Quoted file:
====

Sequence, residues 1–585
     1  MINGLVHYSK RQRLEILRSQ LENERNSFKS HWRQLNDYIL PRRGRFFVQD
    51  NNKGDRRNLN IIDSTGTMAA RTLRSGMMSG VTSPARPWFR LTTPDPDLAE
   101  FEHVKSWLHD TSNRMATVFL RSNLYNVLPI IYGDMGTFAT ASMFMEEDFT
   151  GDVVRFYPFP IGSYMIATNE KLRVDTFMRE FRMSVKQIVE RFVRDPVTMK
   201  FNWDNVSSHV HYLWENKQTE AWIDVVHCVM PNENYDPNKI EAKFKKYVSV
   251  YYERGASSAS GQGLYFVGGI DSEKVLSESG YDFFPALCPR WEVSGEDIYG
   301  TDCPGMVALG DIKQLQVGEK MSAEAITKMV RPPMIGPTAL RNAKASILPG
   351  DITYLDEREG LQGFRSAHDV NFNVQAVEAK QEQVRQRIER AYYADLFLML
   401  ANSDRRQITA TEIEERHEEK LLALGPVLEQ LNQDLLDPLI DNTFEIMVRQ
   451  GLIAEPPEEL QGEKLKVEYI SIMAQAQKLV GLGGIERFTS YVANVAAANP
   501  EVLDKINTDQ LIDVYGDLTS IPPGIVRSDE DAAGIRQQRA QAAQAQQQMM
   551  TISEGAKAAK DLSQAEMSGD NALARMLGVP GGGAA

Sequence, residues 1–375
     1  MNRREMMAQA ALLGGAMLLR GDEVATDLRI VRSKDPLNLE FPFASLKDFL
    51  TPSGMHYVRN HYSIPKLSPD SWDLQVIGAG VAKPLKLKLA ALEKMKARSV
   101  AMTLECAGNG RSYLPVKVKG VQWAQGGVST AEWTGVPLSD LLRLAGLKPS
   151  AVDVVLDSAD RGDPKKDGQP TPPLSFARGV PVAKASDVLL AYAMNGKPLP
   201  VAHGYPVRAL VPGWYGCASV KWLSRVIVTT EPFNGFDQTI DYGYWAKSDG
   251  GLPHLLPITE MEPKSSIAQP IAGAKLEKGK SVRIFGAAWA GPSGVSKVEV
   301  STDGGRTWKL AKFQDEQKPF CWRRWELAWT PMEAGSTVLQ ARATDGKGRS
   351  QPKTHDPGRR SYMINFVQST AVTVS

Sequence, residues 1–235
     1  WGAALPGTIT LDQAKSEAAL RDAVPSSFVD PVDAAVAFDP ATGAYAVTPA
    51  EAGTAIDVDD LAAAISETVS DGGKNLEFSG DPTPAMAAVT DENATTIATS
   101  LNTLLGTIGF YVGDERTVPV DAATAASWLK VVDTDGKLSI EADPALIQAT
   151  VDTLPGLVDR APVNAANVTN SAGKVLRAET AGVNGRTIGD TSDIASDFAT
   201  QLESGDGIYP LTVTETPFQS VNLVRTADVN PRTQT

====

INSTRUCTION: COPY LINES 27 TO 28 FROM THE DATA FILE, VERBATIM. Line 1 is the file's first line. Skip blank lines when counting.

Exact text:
   151  VDTLPGLVDR APVNAANVTN SAGKVLRAET AGVNGRTIGD TSDIASDFAT
   201  QLESGDGIYP LTVTETPFQS VNLVRTADVN PRTQT